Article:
Jiffy Lube Canvas

This wall of a local Jiffy Lube is blank now, however in a month it will feature a mural of three different kings created by three different artists: Jamahl Crouch (left), Matthew Cooper (not pictured) and Ismael Muhammad “Ish” Nieves (right).  The mural is part of the “Every Part Matters” project, which features the work of local artists on Jiffy Lube buildings. (Photo provided)

Ismael Muhammad “Ish” Nieves, a muralist and graffiti artist with over 30 years of experience, will work with two up and coming artists to create a mural featuring three kings on the building of a local Jiffy Lube.

The Arts Council of Indianapolis and Jiffy Lube Indiana partnered for the “Every Part Matters” project and hired artists to paint murals on Jiffy Lube buildings throughout the city. The artists have creative control of the mural, which isn’t advertising but art created for the public to view. The work of the three Black artists will be featured at the oil-changing station located at 8580 N. Michigan Road.

Nieves, a Hammond-based artist whose work, “Crossroads,” is featured in Sidney and Lois Eskenazi Hospital’s Special Medicine and Infusion Center, will lead the project.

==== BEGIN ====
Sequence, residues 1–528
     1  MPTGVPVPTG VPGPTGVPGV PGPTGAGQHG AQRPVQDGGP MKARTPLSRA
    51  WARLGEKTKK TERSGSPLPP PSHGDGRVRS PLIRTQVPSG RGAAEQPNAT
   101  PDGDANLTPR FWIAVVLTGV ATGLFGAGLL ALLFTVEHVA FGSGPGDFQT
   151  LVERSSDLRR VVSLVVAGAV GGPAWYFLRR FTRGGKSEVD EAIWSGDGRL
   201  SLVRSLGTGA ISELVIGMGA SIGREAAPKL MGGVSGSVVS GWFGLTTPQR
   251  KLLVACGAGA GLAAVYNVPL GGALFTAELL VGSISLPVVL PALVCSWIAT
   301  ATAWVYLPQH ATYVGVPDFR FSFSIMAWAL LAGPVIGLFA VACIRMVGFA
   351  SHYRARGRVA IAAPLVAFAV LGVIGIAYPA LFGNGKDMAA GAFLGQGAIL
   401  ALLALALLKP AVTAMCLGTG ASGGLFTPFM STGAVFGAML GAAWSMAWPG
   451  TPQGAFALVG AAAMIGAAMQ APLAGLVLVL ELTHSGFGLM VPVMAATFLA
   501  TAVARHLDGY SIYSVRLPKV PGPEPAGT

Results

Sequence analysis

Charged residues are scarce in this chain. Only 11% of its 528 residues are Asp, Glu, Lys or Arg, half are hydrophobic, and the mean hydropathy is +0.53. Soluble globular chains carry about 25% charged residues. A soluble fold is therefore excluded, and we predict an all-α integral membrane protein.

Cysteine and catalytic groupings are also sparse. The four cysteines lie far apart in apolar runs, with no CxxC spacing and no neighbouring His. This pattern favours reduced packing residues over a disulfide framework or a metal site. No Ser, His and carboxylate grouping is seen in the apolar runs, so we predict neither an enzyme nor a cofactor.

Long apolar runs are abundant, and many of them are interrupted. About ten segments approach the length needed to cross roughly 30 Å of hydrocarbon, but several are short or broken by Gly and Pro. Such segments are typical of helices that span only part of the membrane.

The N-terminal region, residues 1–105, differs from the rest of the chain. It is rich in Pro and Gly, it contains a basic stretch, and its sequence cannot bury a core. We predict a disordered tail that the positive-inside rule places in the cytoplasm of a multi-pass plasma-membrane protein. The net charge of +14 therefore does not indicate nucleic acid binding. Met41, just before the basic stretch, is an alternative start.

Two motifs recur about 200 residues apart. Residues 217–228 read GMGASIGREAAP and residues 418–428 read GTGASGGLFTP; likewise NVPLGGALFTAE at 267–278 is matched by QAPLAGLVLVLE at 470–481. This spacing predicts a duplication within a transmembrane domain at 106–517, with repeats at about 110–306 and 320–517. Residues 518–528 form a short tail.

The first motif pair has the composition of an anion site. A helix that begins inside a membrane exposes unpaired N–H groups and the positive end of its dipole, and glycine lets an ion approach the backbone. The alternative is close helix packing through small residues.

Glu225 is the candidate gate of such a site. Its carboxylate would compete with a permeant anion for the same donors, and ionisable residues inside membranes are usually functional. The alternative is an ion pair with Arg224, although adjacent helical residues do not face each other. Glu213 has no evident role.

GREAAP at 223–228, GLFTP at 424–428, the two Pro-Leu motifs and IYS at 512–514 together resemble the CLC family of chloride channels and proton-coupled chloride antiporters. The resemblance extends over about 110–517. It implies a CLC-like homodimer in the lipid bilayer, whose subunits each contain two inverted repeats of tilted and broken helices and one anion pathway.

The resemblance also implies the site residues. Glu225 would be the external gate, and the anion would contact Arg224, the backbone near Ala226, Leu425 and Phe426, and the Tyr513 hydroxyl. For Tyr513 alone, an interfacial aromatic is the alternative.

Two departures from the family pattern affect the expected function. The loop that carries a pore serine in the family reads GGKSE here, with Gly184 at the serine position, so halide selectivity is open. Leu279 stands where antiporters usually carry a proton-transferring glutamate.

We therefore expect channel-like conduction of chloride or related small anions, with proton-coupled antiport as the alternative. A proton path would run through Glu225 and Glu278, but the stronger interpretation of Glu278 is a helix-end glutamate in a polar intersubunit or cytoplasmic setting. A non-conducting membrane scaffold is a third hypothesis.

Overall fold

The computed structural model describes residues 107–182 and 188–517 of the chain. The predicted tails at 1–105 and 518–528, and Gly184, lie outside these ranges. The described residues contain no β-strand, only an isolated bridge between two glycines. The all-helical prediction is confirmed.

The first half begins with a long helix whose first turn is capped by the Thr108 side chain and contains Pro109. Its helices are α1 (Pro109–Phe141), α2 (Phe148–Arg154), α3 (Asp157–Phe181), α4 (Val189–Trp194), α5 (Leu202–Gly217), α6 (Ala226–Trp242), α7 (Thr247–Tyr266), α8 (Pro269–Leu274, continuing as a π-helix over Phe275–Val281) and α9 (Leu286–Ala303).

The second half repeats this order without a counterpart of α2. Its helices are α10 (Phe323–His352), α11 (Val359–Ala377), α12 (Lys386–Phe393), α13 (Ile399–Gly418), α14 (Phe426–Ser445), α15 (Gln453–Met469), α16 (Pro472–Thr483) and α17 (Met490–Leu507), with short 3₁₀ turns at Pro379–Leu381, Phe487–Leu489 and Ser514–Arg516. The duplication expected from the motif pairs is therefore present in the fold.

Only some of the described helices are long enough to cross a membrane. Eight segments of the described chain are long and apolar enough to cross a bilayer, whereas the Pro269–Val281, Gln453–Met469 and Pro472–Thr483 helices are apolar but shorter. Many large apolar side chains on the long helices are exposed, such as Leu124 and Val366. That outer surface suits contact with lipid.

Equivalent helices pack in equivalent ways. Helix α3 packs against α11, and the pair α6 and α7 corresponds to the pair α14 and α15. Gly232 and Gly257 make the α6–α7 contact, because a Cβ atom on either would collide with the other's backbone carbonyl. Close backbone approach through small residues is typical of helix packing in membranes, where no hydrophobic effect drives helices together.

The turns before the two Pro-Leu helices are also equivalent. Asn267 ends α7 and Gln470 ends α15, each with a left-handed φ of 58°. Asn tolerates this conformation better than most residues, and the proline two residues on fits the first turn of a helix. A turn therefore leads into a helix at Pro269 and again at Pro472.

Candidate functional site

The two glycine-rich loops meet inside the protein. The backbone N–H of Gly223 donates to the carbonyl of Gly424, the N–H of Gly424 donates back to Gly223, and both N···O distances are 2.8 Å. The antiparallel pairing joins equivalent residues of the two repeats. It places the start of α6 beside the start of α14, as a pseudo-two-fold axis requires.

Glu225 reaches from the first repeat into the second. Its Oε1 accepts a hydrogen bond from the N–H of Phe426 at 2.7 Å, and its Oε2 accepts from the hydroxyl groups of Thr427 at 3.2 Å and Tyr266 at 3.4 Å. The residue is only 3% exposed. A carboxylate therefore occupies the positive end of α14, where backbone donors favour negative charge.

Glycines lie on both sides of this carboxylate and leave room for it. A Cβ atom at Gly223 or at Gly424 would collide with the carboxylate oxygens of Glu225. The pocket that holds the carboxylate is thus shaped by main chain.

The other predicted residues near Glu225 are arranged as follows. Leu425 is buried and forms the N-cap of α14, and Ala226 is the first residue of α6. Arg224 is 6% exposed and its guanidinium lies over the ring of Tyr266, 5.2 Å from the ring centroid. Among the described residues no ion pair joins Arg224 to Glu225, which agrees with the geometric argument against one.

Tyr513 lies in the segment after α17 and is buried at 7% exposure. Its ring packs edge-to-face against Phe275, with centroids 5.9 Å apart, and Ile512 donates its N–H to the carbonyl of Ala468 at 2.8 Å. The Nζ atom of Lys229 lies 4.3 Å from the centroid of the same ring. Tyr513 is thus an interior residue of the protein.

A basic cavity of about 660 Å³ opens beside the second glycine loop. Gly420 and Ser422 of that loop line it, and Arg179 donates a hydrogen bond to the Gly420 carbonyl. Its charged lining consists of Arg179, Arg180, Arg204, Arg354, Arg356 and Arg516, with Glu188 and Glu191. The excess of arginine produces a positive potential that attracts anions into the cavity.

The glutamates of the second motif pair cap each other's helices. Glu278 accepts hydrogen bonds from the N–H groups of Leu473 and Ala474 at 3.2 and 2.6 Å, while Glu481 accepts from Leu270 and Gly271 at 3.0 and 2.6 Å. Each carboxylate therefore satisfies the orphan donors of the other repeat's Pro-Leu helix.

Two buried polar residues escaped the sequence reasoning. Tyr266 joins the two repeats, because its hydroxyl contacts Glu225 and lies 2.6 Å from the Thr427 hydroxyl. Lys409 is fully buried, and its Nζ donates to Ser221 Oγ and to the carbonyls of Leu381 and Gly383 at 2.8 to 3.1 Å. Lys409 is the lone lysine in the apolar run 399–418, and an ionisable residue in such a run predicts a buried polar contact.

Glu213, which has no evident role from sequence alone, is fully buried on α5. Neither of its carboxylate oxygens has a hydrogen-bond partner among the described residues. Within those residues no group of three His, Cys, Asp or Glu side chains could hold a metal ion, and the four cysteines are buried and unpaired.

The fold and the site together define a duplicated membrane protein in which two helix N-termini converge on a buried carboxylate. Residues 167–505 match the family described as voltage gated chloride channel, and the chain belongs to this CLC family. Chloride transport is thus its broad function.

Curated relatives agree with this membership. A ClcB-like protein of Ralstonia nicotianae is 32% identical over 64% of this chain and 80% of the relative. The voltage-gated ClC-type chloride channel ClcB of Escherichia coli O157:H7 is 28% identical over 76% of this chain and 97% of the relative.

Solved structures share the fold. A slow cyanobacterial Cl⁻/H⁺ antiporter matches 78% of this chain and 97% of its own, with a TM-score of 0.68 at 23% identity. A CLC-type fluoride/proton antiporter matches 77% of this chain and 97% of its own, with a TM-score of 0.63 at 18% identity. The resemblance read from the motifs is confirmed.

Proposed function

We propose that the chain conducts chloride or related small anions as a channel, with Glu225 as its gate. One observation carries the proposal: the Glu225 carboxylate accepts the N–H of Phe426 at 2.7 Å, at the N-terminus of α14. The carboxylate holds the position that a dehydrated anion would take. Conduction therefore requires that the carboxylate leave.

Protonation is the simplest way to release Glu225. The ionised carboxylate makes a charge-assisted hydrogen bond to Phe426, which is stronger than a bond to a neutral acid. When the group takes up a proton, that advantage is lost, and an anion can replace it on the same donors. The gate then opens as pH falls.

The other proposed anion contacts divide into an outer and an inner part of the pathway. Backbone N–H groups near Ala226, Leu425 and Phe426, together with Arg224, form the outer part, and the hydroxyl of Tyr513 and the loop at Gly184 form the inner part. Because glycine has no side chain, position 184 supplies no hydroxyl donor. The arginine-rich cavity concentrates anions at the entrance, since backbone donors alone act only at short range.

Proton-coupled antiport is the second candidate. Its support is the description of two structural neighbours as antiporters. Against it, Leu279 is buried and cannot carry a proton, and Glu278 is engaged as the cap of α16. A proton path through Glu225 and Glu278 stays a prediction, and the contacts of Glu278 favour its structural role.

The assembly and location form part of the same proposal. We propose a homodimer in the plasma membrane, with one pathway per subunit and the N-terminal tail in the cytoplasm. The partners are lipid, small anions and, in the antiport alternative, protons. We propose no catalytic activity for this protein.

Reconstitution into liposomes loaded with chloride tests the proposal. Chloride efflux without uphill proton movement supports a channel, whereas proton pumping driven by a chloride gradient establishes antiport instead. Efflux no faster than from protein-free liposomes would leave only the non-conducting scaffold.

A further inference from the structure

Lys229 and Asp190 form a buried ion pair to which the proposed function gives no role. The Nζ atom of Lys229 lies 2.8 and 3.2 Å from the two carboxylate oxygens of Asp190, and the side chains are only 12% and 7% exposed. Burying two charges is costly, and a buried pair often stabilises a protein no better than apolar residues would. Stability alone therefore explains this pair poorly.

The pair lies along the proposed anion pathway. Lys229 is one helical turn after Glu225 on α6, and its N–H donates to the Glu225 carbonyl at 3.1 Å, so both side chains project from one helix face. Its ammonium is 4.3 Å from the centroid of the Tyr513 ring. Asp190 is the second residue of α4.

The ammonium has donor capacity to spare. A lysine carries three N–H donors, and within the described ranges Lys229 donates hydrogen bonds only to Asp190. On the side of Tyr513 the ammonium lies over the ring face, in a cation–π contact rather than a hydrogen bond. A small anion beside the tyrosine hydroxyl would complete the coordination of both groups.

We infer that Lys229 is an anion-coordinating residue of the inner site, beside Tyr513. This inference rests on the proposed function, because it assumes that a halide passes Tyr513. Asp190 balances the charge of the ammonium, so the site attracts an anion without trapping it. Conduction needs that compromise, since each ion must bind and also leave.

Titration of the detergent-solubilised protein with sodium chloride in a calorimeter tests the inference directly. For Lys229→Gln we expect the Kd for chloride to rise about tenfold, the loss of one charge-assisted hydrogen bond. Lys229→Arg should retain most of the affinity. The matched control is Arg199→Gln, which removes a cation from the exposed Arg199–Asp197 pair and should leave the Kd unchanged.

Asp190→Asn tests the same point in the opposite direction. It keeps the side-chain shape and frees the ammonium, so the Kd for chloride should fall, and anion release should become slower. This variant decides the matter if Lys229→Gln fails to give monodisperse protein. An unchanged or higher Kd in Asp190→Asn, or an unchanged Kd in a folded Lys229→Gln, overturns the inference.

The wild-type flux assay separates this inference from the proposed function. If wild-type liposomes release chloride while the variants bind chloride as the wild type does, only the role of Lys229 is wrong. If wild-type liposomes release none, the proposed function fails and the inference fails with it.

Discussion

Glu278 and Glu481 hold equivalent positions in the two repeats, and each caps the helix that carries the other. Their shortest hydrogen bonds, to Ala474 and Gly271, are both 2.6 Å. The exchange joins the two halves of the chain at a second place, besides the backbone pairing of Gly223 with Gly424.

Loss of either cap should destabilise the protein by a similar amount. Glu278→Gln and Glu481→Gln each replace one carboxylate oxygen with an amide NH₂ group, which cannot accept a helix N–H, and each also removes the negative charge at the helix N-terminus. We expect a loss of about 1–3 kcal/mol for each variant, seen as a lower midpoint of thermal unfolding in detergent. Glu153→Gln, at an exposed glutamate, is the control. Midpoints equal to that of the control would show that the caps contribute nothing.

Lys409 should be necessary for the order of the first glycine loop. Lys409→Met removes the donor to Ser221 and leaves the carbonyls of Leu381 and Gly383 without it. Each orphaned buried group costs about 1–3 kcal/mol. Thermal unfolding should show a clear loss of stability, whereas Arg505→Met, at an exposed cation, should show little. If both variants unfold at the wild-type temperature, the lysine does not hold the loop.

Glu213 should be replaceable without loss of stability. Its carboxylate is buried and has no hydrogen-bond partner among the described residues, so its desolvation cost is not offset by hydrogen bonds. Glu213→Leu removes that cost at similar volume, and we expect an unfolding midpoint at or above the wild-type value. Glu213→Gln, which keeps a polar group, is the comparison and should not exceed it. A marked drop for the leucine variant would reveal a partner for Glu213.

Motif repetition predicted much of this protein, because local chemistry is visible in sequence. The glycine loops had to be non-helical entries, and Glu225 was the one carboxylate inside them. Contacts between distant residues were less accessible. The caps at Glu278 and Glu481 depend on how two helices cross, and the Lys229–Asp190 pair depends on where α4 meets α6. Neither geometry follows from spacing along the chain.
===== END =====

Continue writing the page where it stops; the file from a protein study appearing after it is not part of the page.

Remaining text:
“If we can get murals on as many of the Jiffy Lube locations as possible, that’s more opportunities for more artists,” Julia Muney Moore, director of public art with the Arts Council of Indianapolis, said. “Also, we liked that the Jiffy Lube locations weren’t where you would normally expect to see public art …that’s the beauty of public art. It appears when you are least looking for it and it becomes part of the environment.”

This project won’t be the first time Indianapolis painters Jamahl Crouch and Matthew Cooper, both 28, worked together. The two are old friends from college who are excited to collaborate with each other and apprentice under Nieves. 

“It definitely feels like a step forward in my career,” Crouch said. “Me and Coop have been friends for a really long time, so when we found out we were working with each other it made it all the better.” 

Each artist will design his own king and incorporate their figure into the design. Crouch said his history creating street art inspires his king. The face is a cardboard box, and the crown is made of street signs from where Crouch worked as an artist.

“At the end of the day, you are a product of your environment,” Crouch said. “That was the concept that I had in my picture. He is made of his environment, but he’s made of it for the better.” 

The initial designs are finished. Crouch, Cooper and Nieves are now working to incorporate each figure into a cohesive piece of art. They plan to begin painting on the building in early June and finish by the end of the month. 

Contact staff writer Ben Lashar at 317-762-7848. Follow him on Twitter @BenjaminLashar.

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